The 308 has a certain rawness about it that is missing from so many cars today. It's made for DRIVING . Wussies need not apply. Look elsewhere if you believe trips should be made 1/4 mile at a time. Those afraid to push a car, go buy a Toyota. It makes you feel like a hero but you have to act like one. If you're not interested in it, it's not interested in you. Despite being a 30 year old design, it still turns heads wherever it goes. Yes, this one is not fast at all by today's standards (various magazine articles of the day seem to agree on around 8 seconds 0-60). But at the same time, for precisely that reason it allows you to use all of it without breaking too many laws on the road. You can go deep in the gearbox, really wring out the engine and transmission without getting too carried away. Try using all of your normal commuting car on a public road and you'll end up disappointed, breaking the car, or having a chat with the local law.

I came in not expecting much but walked away impressed. I won't honestly say I would put it at the top of my list if I was able to purchase a dedicated sports car, but I'm thankful for the experience. It reminded me what a driver’s car should feel like, everything a sports car should be. It was a nice sample of an Italian exotic - the sounds, the feel; you could certainly feel the racing DNA that Ferrari's engineers baked into the 308. Many people think driving a Ferrari should be a transcendental experience, and many more modern models provide that sensation (the F355 and 360 Challenge Stradale come to mind). What it really impressed on me was Ferrari is first and foremost a racing company, and that is the DNA you'll find in each car that rolls out of Maranello no matter what the specs are on paper.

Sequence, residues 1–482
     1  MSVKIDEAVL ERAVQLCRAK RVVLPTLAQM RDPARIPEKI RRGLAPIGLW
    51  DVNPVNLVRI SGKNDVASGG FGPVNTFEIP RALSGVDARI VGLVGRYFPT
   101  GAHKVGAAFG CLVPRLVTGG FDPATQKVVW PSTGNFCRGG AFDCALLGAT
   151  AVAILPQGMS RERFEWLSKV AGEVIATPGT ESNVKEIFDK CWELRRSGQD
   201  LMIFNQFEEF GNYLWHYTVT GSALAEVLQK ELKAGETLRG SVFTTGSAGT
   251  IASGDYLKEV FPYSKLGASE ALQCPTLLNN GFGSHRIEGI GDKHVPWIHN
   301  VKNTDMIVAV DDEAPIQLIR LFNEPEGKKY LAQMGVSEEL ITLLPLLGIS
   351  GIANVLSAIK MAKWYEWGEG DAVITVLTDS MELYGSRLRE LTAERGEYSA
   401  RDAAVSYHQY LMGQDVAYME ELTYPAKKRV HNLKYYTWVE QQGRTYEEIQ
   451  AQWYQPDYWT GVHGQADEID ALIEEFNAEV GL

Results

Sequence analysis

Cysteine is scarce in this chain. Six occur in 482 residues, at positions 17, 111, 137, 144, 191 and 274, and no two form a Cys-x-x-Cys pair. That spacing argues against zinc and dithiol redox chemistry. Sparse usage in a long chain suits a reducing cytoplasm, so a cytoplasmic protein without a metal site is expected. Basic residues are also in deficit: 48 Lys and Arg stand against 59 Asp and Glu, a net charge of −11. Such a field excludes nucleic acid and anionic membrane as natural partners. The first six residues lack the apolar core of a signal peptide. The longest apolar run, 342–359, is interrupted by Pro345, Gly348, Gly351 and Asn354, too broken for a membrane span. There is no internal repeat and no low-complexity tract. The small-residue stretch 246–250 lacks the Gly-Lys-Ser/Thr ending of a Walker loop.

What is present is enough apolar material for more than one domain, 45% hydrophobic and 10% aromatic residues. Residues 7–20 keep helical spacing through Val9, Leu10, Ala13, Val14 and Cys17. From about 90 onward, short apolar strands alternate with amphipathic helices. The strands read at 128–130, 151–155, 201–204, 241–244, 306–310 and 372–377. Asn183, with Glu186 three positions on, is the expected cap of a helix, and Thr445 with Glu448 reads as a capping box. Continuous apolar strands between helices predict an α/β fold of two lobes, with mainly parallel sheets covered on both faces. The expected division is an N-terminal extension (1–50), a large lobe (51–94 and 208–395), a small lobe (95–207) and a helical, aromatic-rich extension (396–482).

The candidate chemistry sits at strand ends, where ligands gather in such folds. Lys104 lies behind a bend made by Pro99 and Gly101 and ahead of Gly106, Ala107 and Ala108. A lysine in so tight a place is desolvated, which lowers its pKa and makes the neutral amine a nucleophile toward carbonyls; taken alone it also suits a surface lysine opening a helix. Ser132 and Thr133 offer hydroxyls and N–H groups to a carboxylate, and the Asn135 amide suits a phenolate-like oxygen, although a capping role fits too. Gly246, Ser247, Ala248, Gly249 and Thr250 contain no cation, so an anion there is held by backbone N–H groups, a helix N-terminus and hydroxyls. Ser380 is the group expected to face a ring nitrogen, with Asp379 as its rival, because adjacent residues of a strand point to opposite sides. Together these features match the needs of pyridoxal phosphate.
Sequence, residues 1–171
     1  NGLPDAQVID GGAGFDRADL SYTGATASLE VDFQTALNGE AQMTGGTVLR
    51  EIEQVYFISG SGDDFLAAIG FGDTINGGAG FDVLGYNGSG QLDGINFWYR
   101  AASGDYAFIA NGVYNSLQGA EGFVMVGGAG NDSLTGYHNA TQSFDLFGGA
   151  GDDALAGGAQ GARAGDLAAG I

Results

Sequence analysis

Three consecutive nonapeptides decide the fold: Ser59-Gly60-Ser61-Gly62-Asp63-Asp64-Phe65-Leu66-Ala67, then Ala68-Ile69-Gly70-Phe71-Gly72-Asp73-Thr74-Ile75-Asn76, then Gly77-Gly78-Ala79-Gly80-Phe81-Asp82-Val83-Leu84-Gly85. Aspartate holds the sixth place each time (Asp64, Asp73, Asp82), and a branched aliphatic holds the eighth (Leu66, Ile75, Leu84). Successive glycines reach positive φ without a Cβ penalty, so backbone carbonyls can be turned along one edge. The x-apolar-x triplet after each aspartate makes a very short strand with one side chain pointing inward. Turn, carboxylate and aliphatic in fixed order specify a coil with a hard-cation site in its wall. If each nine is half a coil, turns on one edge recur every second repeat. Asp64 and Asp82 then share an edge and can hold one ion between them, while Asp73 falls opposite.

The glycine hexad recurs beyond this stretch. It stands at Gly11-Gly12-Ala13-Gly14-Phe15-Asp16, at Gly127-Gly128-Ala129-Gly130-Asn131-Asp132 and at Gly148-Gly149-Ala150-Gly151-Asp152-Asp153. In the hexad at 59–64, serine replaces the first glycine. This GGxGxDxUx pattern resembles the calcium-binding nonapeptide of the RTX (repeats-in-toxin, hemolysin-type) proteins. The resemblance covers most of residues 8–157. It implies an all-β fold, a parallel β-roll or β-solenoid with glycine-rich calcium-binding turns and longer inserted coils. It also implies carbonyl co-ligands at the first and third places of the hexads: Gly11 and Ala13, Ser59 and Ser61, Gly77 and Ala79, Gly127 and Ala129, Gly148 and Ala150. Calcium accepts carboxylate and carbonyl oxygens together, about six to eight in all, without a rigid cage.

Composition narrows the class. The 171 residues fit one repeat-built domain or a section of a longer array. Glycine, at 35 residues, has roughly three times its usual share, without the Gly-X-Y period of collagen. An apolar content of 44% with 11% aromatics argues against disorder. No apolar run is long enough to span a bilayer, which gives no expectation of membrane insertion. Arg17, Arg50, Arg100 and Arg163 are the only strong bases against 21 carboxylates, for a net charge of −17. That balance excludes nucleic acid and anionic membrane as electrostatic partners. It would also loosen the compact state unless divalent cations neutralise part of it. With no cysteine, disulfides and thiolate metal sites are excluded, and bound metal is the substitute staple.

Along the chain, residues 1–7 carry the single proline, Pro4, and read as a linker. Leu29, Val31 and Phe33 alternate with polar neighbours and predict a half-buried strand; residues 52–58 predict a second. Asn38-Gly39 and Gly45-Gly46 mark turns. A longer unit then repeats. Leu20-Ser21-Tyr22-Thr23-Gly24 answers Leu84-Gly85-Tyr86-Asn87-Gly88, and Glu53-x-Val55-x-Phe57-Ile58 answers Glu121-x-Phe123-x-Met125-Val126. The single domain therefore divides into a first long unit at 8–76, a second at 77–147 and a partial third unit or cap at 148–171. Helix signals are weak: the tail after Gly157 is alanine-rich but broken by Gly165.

1 comment:

Boz said...

I agree with Chris on the drivability of the 308 - the harder the better. If you drive the car like a Caddy you risk grinding a gear, dropping the revs too low, or in some other way destroying the engine. But while you have freedom to play on common roads, remember that you are still driving a Ferrari. It will not forgive you on bumpy roads or sharp, jagged curbs and driveways. The example I drove had many a battle scar on an already-repainted front spoiler.

Additionally, given that the 308 is so accessible, I would make sure to have all of the documentation for title and servicing if choosing to buy one. Buying the papers may up the price a bit, but you are buying peace of mind. Improper usage and servicing was the plague of the "common" Ferraris - many that bought them saw them as little different from Mustangs or Vettes and treated them accordingly (this is why a good example Dino is so rare and sought after). While I would personally hold out for a good 328, the 308 will give you plenty of thrills and provide perhaps the least expensive ticket into one of the most exclusive automotive clubs.